U.S. justices watch their language as they consider profane trademarks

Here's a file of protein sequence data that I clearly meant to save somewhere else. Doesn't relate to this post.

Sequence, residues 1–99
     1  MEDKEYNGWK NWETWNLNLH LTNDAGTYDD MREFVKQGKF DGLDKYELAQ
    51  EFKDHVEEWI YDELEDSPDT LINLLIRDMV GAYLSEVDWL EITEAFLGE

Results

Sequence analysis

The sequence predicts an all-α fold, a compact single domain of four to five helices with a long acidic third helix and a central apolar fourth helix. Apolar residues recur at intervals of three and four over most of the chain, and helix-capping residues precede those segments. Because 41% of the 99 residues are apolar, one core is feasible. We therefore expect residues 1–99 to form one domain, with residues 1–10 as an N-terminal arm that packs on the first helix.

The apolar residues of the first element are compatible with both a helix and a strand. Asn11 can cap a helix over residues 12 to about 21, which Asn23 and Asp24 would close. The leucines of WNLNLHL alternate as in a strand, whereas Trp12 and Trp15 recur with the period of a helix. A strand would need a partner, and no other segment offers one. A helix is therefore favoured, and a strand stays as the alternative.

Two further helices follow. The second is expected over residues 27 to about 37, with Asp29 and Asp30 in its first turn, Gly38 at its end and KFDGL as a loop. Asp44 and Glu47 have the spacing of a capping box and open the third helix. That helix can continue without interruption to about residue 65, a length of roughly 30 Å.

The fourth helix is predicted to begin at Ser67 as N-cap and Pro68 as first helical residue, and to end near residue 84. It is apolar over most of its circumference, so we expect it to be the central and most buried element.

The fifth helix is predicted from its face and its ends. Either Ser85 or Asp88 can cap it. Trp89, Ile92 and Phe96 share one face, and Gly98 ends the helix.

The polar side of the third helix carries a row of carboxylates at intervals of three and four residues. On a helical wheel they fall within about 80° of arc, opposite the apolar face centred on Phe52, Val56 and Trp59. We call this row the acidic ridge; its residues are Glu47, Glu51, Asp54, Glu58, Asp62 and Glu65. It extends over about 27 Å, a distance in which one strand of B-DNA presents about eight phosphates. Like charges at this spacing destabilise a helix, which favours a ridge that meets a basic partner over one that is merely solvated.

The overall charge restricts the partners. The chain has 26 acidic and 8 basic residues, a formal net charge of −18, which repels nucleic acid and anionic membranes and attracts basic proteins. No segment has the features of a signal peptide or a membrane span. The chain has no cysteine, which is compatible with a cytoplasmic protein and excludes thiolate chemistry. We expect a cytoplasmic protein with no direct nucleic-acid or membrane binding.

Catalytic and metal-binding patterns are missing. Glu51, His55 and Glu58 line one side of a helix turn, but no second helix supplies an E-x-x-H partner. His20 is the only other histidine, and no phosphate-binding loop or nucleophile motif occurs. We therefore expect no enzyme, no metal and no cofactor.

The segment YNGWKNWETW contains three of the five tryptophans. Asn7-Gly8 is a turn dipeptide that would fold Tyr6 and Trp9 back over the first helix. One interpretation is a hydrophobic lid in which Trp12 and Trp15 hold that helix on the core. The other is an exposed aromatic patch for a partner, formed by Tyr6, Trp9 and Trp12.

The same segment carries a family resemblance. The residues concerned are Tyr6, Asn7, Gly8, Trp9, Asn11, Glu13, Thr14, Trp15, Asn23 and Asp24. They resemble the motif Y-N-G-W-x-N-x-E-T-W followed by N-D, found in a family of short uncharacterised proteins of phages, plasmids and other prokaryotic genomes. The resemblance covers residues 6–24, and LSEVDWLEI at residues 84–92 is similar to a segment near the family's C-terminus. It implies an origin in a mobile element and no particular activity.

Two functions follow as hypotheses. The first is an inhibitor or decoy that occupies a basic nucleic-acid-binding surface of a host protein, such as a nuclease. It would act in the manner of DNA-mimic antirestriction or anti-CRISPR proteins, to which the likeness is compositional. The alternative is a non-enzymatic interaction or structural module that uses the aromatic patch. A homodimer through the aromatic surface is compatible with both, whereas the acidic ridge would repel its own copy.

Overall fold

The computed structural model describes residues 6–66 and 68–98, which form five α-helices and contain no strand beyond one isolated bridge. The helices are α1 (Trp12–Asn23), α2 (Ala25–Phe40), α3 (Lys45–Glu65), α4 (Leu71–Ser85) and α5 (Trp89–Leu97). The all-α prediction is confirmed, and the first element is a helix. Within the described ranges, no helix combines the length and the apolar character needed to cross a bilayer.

Chain at the supreme court today. The issue was bad language, specifically can the government refused to grant trademark protection for brand names that include profanity the immediate problem for the court was how to discuss the issue without using the actual words how to discuss the F word, for instance, without actually saying the F word, which is a challenge that NPR Legal Affairs correspondent Nina totenberg faces in this report at the center of the case is a casual clothing line marketed under the name FU CT view can pronounce it yourself the line designed by Erik Brunetti is mainly hoodies loose pants shorts and tee shirt all with those letters prominently displayed Brunetti opened his line in nineteen ninety aimed at twenty somethings. He's been trying since then to get his brand. Trademark so that he can go after copycats go to EBay and you'll see lots of counterfeits to Amazon you'll see a lot lots of counterfeits in short. He says the knockoffs are costing him money. If I win I will pursue the counterfeiters to stop them for making my product the US government patent and trademark office. However has consistently turned him down contending that those letters violate the federal statute the bars trademark protection for immoral shocking. Offensive and scandalous word Brunetti case got a boost two years ago when the supreme court ruled that an Asian American band calling itself the slant could not be denied trademark protection. Because it used a disparaging term dealing with the brand name F C CT proved a bit more daunting in the supreme court chamber today deputy solicitor general Malcolm Stewart referred to it as quote, a profane past participle form of a well-known word of profanity and perha-. The Pera dig Matic word of profanity in our language the government. He maintained can deny trademark protection for that word. The justices pointed to a chart showing which terms if it granted trademarks by the government, and which head not most are not suitable for a general audience suffice to say that while few CT did not win trademark approval. FC UK did. And so did the well known Brin foo bar the word crap was registered trademark name seventy times. But the S word was consistently denied so Justice Ginsburg asked how does the trademark office define what is scandalous shocking or offensive do twenty year olds generally find f you see t to be shocking or scandalous, probably not see the government Stewart. But he said the term would still be shocking or offensive to a substantial segment of the population. Justice scores such pointed to the chart declaring that it was hard. To see why certain trademarks with dirty words were approved and others were denied Justice Alito asked what would happen? When really dirty words were at issue and how about racial slurs. S Justice prior those are more like swearwords their insults that sting remembered by those who are targeted Stewart replied that. Because of course decision in the slants case most racial slurs are now approved, but as for the most offensive slur the N word for now, it's still out representing F U C T designer Brunetti lawyer John summer didn't have an easy time. Either Justice briar, why isn't the government have the right to say you can use this language in your brand name. But the government doesn't want to be associated with it. By granting trademark protection. What I'm worried about? He said is that if a racial slur is trademarked, it will appear as a product name on every bus where it's advertised it'll be on newsstands where children and others will see it. That's not the audience. Mr. Brunetti is appealing to replied lawyer summer chief Justice Roberts. But that may not be the only audience he reaches lawyer summer return to the language of the statute arguing that if offensiveness is the standard for turning down a trademark steak and shake can't be registered either. Because quote, a substantial portion of Americans believe that eating beef is immoral decision. And the case is expected by

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